The Supreme Court’s Marriage Decisions by the Numbers
Jennifer Marshall | June 27, 2013
The morning after two important—and troubling—Supreme Court decisions in the Proposition 8 and Defense of Marriage Act (DOMA) cases, here’s the lay of the land. The important takeaway: The marriage debate is every bit as live today as it was yesterday morning…and that means it’s time to redouble our efforts to stand for marriage across America. Some key numbers following the decisions:
50 The number of states whose marriage laws remain the same after the Court’s marriage decisions.
38 The number of states with laws defining marriage as the union of a man and a woman. That includes California, where the scope of today’s Prop 8 decision beyond the specific plaintiffs will be the subject of ongoing debate and, most likely, further litigation.
12 The number of states that can now force the federal government to recognize their redefinition of marriage. The Court struck Section 3 of DOMA, which means that it must recognize same-sex marriages in states that redefine marriage.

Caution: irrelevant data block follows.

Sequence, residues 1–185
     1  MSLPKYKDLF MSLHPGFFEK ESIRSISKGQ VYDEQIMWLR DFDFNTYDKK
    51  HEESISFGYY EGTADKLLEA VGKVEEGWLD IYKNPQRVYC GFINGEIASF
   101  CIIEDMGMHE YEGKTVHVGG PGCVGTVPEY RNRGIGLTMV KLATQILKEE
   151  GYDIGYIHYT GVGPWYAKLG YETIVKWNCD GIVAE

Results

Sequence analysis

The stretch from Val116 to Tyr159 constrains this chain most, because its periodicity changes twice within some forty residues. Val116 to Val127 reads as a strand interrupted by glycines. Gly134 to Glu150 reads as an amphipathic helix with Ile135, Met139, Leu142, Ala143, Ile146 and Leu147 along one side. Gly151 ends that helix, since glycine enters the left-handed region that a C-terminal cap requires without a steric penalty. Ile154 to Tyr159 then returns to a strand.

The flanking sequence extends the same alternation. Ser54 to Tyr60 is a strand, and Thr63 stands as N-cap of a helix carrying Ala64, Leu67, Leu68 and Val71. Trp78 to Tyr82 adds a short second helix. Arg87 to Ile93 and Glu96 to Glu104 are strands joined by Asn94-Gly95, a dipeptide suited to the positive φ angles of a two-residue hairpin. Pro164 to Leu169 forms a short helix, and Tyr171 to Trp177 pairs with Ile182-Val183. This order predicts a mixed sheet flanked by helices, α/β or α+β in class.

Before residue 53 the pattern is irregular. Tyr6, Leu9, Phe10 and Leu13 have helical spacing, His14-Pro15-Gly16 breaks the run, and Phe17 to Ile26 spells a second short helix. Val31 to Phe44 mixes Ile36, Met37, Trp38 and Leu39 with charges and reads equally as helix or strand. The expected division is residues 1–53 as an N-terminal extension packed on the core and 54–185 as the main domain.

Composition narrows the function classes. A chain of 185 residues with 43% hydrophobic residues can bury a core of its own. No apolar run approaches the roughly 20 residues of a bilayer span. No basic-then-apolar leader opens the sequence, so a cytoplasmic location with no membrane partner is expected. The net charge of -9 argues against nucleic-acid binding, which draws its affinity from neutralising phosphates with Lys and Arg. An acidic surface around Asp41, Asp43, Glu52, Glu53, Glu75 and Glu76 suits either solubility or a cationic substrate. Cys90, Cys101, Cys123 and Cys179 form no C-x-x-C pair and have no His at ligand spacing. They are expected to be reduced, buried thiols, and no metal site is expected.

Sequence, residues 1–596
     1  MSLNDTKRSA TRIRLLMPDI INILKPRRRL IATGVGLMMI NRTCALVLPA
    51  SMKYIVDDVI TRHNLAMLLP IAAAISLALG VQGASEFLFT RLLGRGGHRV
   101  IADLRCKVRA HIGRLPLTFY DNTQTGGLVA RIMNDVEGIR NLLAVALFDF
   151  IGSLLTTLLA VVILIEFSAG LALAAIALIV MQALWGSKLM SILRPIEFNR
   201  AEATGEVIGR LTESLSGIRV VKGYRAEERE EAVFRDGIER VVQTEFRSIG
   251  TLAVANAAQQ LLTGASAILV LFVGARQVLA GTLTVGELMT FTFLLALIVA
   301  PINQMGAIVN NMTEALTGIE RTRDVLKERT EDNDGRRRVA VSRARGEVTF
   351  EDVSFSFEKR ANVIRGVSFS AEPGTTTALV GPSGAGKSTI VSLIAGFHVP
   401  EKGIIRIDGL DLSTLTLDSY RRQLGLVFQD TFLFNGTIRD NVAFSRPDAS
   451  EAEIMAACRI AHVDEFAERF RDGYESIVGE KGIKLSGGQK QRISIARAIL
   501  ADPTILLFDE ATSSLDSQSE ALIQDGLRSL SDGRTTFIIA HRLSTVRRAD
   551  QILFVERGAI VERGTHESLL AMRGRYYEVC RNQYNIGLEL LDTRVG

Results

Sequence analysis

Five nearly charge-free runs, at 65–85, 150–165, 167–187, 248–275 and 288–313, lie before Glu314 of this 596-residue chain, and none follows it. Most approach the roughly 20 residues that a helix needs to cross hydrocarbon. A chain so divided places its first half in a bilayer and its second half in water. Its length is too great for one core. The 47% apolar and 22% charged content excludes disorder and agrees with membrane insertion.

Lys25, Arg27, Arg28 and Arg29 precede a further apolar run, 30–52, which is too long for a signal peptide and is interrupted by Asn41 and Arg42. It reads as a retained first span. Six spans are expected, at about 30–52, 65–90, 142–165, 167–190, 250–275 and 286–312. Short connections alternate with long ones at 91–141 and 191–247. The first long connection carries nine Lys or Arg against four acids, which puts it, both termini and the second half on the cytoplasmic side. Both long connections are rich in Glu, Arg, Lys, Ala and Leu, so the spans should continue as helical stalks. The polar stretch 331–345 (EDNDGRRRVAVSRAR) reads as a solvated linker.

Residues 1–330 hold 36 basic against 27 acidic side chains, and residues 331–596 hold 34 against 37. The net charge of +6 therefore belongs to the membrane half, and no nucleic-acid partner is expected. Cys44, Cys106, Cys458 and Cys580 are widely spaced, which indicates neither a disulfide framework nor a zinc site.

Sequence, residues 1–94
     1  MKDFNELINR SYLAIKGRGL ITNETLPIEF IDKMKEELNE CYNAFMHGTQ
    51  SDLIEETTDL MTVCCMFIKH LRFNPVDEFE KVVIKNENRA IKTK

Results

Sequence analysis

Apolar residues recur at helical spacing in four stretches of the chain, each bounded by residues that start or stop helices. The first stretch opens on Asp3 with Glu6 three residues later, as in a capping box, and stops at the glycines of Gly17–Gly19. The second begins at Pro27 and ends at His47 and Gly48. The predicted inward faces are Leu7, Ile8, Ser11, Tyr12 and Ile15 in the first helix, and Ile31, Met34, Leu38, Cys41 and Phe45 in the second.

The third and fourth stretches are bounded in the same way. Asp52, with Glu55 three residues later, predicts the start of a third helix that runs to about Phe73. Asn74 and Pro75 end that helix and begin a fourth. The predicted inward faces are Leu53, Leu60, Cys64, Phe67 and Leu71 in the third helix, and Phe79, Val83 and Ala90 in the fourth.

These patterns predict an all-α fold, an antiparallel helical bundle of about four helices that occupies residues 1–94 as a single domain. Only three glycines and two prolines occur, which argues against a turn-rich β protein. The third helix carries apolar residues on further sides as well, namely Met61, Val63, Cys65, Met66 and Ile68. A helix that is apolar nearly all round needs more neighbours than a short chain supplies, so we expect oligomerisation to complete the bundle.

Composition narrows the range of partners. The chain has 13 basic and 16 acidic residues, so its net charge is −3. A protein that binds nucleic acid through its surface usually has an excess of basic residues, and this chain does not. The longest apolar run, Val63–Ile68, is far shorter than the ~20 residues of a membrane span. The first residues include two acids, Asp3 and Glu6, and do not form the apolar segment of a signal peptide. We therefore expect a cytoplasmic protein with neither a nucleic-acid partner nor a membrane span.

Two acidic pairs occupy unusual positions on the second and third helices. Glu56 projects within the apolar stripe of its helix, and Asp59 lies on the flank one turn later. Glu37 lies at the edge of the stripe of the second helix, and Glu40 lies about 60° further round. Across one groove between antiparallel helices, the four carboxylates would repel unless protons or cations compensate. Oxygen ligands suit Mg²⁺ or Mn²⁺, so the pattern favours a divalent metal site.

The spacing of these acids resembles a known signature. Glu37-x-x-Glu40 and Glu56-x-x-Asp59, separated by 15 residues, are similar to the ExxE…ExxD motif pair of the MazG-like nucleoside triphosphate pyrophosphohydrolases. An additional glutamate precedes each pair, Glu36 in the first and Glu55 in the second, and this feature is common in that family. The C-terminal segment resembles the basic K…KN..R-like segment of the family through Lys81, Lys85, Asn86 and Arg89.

1 The number of sections of the Defense of Marriage Act struck down yesterday (Section 3). Section 2, which ensures that no state will be forced to recognize another state’s redefinition of marriage, is still law.
0 The number of states forced to recognize other states’ redefinition of marriage.
The important news you may not be hearing is that the U.S. Supreme Court did not redefine marriage across the nation. That means the debate about marriage will continue. States are free to uphold policies recognizing that marriage is the union of a man and a woman, so that children have a mother and a father.
States will lead the way even as we work to restore clear marriage policy at the federal level. And in the states, support for marriage as the union of a man and a woman remains strong.
Still, the Court should have respected the authority of California citizens and Congress.
On DOMA, the Court did not respect Congress’s authority to define marriage for the purposes of federal programs and benefits. The Court got federalism wrong.
On Proposition 8, the citizens of California who voted twice to pass Prop 8 should have been able to count on their Governor and Attorney General to defend the state’s constitution. That’s what democratic self-government is all about.
Now more than ever, we need to make it clear why marriage as the union of a man and a woman matters—for children, for civil society, and for limited government. As citizens, we all need to be prepared to make the case for marriage. That’s why we at Heritage have worked with allies to produce a booklet called “What You Need to Know about Marriage.” Download your free copy at TheMarriageFacts.com.